It was only a few months later that I was ordered off a cargo plane and found myself on a dusty airstrip in South Sudan, with a half dozen boy soldiers aiming AK-47s at my head. After forty-five minutes the melee reached a fevered pitch. I desperately revealed that I was smuggling my way into Sudan to make a film about my friend, Dr. Tom. Tensions immediately subsided. The mere mention of “Dr. Tom’s” name had the power to set me free, literally saving my life.
On the hellish drive into the remote Nuba Mountains, we dodged several barrel bombs dropped by Soviet-built Antonovs. Upon arrival, Tom gave me what I remembered as a 245 pound, All-American nose guard hug. But now he was a slight 135 pounds.
While I was still taking all of this in, seventeen casualties arrived at the hospital, the latest victims of government bombings in the region. Dr. Tom, always on call, switched into scrubs and high gear. Cameras came out and we started to film.
This was the first of two harrowing trips I made to chronicle the lives of Dr. Tom and the people of the Nuba Mountains. Both trips totaled just less than six unforgettable weeks. In the end, I left the perilous region of Sudan having “gotten” the story. Dr. Tom, who is as close to a saint as anyone I would ever hope to meet, stays to assist others as they struggle to survive.
My concern for him endures. He works selflessly, twenty-four-seven, treating all conditions, from casualties resulting from the conflict to delivering babies to malnutrition. He reminds me that his greatest compensation is the fulfillment and peace that comes from serving others in need. Regardless of the hardship, Dr. Tom is exactly where he wants to be.”
Dr. Catena was selected as the 2017 Aurora Prize Laureate from more than 550 nominations submitted from 66 countries.
George Clooney, Academy Award-winning actor, Co-Founder of both The Sentry and Not On Our Watch, and Co-Chair of the Aurora Prize Selection Committee, commends Dr. Catena.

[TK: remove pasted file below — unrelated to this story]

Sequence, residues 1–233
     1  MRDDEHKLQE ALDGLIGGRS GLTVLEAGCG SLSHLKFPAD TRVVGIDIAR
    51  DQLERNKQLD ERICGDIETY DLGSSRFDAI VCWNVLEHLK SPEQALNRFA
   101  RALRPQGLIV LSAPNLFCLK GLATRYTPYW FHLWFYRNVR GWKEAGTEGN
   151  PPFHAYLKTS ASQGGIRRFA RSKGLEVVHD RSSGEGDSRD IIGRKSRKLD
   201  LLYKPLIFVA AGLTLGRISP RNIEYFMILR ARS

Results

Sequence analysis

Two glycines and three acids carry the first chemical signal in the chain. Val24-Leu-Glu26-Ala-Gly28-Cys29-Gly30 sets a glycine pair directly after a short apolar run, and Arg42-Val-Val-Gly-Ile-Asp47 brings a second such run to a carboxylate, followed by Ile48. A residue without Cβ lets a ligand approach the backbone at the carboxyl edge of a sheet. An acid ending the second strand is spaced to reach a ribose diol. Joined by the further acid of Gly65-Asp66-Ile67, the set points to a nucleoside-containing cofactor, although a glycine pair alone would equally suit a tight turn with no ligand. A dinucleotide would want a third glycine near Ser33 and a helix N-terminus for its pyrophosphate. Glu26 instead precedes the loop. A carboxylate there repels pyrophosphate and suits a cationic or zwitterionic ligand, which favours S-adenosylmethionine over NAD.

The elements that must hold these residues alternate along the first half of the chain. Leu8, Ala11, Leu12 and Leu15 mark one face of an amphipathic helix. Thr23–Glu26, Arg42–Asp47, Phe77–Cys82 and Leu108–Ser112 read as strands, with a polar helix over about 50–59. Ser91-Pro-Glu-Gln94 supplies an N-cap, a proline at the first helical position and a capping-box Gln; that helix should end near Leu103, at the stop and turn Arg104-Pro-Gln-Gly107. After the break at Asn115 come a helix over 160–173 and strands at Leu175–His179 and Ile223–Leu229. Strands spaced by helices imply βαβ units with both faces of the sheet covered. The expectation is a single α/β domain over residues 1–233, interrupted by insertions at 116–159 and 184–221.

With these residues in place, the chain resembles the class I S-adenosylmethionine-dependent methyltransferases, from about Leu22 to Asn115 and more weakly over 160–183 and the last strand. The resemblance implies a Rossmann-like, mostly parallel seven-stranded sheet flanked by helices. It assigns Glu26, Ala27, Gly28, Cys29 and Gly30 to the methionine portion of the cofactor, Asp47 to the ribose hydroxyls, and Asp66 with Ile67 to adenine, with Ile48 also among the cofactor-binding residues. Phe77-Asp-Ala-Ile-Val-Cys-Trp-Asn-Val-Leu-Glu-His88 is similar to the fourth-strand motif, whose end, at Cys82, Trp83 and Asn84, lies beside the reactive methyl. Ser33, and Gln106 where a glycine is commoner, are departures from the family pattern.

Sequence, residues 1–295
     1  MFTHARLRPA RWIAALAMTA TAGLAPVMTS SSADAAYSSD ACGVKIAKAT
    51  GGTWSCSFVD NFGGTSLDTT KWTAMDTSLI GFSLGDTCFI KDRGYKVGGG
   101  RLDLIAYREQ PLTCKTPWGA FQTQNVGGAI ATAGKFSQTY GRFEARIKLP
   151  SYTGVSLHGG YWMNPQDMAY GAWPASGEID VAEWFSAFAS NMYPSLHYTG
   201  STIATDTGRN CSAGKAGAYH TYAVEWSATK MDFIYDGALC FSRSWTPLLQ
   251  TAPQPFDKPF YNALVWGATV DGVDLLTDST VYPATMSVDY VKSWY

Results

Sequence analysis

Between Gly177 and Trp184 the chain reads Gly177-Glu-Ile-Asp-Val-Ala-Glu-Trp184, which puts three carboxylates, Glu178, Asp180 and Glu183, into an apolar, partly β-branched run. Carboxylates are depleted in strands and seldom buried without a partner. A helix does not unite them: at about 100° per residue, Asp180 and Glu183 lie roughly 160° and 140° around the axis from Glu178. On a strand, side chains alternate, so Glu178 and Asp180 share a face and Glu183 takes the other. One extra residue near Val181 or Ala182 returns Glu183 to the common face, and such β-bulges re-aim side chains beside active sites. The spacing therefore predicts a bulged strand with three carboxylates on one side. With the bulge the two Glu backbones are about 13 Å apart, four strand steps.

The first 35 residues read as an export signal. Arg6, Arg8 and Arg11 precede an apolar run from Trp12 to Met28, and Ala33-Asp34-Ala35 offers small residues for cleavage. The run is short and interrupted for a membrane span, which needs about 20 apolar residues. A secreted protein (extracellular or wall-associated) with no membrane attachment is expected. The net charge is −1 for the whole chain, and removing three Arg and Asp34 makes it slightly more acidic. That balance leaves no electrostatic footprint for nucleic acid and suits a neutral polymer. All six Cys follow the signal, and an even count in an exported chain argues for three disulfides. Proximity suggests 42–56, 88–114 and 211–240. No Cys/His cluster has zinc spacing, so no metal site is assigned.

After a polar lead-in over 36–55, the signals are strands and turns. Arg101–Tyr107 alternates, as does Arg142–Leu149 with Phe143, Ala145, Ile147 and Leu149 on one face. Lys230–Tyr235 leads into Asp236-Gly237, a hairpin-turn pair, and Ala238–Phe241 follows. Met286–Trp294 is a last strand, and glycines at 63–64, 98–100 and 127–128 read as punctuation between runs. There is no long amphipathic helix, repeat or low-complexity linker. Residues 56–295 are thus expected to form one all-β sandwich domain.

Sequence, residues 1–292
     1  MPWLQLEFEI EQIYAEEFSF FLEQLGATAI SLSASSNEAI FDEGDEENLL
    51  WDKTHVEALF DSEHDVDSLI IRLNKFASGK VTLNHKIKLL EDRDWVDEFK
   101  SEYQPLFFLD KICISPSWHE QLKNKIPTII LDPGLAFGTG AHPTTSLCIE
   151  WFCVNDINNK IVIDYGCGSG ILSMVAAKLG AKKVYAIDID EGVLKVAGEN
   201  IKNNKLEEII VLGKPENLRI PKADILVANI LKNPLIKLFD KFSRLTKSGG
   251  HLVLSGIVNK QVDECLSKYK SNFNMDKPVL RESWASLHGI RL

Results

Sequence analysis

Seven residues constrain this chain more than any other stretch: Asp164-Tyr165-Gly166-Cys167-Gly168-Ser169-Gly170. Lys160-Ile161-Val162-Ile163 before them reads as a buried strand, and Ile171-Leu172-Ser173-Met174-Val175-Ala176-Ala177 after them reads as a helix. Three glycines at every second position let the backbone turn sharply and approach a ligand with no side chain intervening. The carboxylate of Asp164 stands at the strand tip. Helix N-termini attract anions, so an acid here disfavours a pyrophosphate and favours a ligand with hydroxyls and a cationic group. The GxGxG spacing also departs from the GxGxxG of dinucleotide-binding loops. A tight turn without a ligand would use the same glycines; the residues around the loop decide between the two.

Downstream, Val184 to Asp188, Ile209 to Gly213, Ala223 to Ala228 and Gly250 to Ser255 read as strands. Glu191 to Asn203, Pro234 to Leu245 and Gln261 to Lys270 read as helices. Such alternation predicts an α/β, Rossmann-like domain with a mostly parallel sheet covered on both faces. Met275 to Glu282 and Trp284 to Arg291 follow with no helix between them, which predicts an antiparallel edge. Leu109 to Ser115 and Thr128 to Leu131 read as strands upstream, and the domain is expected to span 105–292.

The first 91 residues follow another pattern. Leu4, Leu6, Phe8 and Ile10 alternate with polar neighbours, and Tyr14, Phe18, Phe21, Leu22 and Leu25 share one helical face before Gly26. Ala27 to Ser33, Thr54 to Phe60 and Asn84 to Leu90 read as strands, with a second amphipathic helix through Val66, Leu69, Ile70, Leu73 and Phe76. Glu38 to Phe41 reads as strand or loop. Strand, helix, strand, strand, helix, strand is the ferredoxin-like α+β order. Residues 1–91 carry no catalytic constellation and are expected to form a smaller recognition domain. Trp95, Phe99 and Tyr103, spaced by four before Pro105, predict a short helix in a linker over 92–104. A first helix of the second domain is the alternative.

“As violence and war continue to threaten people’s spirits and perseverance, it is important to recognize, empower and celebrate people like Dr. Catena who are selflessly helping others to not only survive, but thrive. Dr. Catena is a role model to us all, and yet another example of people on the ground truly making a difference.”
Be the change. God might not call you to another country, but ask Him how you can be a catalyst for change where He has placed you. It could be mentoring a co-worker or starting a ministry. Whatever it might be, be willing to go where He has called you. Pray and ask Him for the faith necessary to be obedient to the calling.
Support those on the frontline. There are many missionaries that need support. Whether it be finances, resources or prayer, all of those things are critical for them to reach people with the life-changing Gospel of Jesus Christ. Ask your church if there are missionaries or ministries that you can support.
Have a movie night. Grab your friends or small group and watch The Heart of Nuba. Afterwards, discussed what impacted you most.
For more info, visit our website: http://theheartofnuba.com